From Infogalactic: the planetary knowledge core
|Centuries:||14th century – 15th century – 16th century|
|Decades:||1460s 1470s 1480s – 1490s – 1500s 1510s 1520s|
|Years:||1489 1490 1491 – 1492 – 1493 1494 1495|
|1492 by topic|
|Arts and science|
|Architecture - Art|
|State leaders - Sovereign states|
|Birth and death categories|
|Births - Deaths|
|Establishments and disestablishments categories|
|Establishments - Disestablishments|
|Art and literature|
|1492 in poetry|
|Ab urbe condita||2245|
|English Regnal year||7 Hen. 7 – 8 Hen. 7|
|Chinese calendar||辛亥年 (Metal Pig)
4188 or 4128
— to —
壬子年 (Water Rat)
4189 or 4129
|- Vikram Samvat||1548–1549|
|- Shaka Samvat||1414–1415|
|- Kali Yuga||4593–4594|
|Japanese calendar||Entoku 4 / Meiō 1
|Minguo calendar||420 before ROC
|Thai solar calendar||2034–2035|
|Wikimedia Commons has media related to 1492.|
- January 2 – Fall of Granada: Muhammad XII, the last Emir of Granada, surrenders his city to the army of the Catholic Monarchs, Ferdinand II of Aragon and Isabella I of Castile, after a lengthy siege, ending the 10-year Granada War and the centuries-long Reconquista and bringing an end to 780 years of Muslim control in Al-Andalus.
- January 6 – Ferdinand and Isabella enter into Granada.
- January 15 – Christopher Columbus meets Ferdinand and Isabella at the Alcázar de los Reyes Cristianos in Córdoba, Andalusia, and persuades them to support his Atlantic voyage intended to find a new route to the East Indies.
- January 23 – The Pentateuch is first printed.
- March 31 – Ferdinand and Isabella sign the Alhambra Decree, expelling all Jews from Spain unless they convert to Roman Catholicism.
- April 17 – The Capitulations of Santa Fe are signed between Christopher Columbus and the Crown of Castile agreeing arrangements for his forthcoming voyage.
- July 31 – The Jews are expelled from Spain; 40,000–200,000 leave. Sultan Bayezid II of the Ottoman Empire, learning of this, dispatches the Ottoman Navy to bring the Jews safely to Ottoman lands, mainly to the cities of Thessaloniki (in modern-day Greece) and İzmir (in modern-day Turkey).
- August 3 – The Genoese navigator Christopher Columbus sails with three ships from Palos de la Frontera in the service of the Crown of Castile on his first voyage across the Atlantic Ocean, intending to reach Asia.
- August 11 – Pope Alexander VI succeeds Pope Innocent VIII as the 214th pope, after the 1492 papal conclave, the first held in the Sistine Chapel.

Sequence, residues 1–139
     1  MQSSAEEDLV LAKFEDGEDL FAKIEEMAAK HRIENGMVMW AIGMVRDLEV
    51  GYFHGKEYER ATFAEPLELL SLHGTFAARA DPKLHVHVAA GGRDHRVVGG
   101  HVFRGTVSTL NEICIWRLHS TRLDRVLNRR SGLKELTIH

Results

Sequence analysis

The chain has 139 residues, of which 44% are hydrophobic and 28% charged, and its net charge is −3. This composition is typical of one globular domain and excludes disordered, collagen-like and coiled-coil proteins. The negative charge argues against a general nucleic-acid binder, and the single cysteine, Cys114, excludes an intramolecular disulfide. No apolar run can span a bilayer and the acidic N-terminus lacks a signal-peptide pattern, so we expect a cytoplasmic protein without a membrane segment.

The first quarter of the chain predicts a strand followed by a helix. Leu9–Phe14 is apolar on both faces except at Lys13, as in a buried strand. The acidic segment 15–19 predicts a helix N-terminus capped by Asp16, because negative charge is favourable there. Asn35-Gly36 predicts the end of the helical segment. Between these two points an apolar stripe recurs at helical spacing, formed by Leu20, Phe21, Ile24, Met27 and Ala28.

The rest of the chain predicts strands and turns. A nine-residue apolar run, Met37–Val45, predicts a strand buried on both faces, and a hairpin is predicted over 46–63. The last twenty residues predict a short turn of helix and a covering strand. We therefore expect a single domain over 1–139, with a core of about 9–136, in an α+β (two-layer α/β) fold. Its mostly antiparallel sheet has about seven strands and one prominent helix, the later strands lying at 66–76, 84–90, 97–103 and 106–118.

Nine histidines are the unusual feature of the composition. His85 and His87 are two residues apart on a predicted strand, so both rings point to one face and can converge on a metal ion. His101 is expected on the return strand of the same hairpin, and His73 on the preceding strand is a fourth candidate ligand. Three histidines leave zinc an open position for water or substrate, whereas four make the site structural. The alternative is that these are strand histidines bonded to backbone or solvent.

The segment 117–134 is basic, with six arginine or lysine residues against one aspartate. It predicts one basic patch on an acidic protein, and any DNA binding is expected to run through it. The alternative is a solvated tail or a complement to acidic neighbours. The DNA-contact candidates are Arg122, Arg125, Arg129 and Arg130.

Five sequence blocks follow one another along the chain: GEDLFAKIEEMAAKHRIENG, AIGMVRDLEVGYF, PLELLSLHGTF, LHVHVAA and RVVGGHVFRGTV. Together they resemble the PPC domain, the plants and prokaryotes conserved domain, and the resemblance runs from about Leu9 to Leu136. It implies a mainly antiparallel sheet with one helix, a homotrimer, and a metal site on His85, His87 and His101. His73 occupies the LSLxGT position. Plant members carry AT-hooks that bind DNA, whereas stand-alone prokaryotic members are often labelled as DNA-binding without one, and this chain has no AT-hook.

- October – English army besieges Boulogne-sur-Mer.
- October 11 – Several members of the first voyage of Christopher Columbus witness an unusual light.
- October 12 – Christopher Columbus' expedition makes landfall in the Caribbean and lands on Guanahani, but he believes he has reached the East Indies.
- October 28 – Christopher Columbus lands in Cuba.
- November 3 – Peace of Étaples signed between England and France, ending French support for the pretender to the English throne Perkin Warbeck. All English-held territory in France with the exception of Calais is returned to France.
- November 7 – The Ensisheim meteorite, a 127-kg meteorite, lands in a wheat field near the village of Ensisheim in Alsace.
- December 5 – Christopher Columbus becomes the first known European to set foot on the island of Hispaniola.
- December 25 – Columbus' ship Santa María runs aground off Cap-Haïtien and is lost.
- December 31 – About 100,000 Jews are expelled from Sicily.
- Antonio de Nebrija publishes Gramática de la lengua castellana, the first grammar text for the language of Castile, in Salamanca, which he introduces to Ferdinand and Isabella as "a tool of empire."
- Martin Behaim constructs the first surviving globe of Earth, the Erdapfel. As Columbus would only return from his voyage in 1493, this globe does not show the New World yet.
- Casimir IV Jagiellon, of the Jagiellon Royal House, ends his reign (1427–1492).
- The first arboretum to be designed and planted is the Arboretum Trsteno, near Dubrovnik in Croatia.
- Russians build the Ivangorod Fortress, on the eastern banks of the Narva River.
- In Ming dynasty China, the commercial transportation of grain to the northern border in exchange for salt certificates is monetized.
- Ermysted's Grammar School, Skipton, North Yorkshire, founded.
- Marsilio Ficino publishes his translation and commentary of Plotinus.
- March 4 – Francesco de Layolle, Italian composer (d. c. 1540)
- March 27 – Adam Ries, German mathematician (d. 1559)
- April 4 – Ambrosius Blarer, German religious reformer (d. 1564)
- April 11 – Marguerite de Navarre, queen of Henry II of Navarre (d. 1549)
- April 20 – Pietro Aretino, Italian author (d. 1556)
- July 2 – Elizabeth Tudor, daughter of Henry VII of England (d. 1495)
- September 7 – Giacomo Aconcio, Nuria Pahini, Italian pioneer of religious tolerance (d. 1566)
- September 12 – Lorenzo de' Medici, Duke of Urbino (d. 1519)
- date unknown
- January 25 – Ygo Gales Galama, Frisian warlord and freedom-fighting rebel (murdered) (b. 1443)
- April 9 – Lorenzo de' Medici, ruler of Florence (b. 1449)
- June 7
- July 25 – Pope Innocent VIII (b. 1432)
- October 12 – Piero della Francesca, Italian artist (b. c. 1412)
- October 25 – Thaddeus McCarthy, Irish bishop (b. c. 1455)
- November 6 – Antoine Busnois, French composer and poet (b. c. 1430)
- November 19 – Jami, Persian poet (b. 1414)
- November 24 – Loys of Gruuthuse, Earl of Winchester (b. c. 1427)
- October 31 – Anne Neville, Countess of Warwick (b. 1426)
- Date unknown
- Jewish virtual library.org.
- Palmer, Alan; Veronica (1992). The Chronology of British History. London: Century Ltd. pp. 135–138. ISBN 0-7126-5616-2.<templatestyles src="Module:Citation/CS1/styles.css"></templatestyles>
- Williams, Hywel (2005). Cassell's Chronology of World History. London: Weidenfeld & Nicolson. pp. 189–192. ISBN 0-304-35730-8.<templatestyles src="Module:Citation/CS1/styles.css"></templatestyles>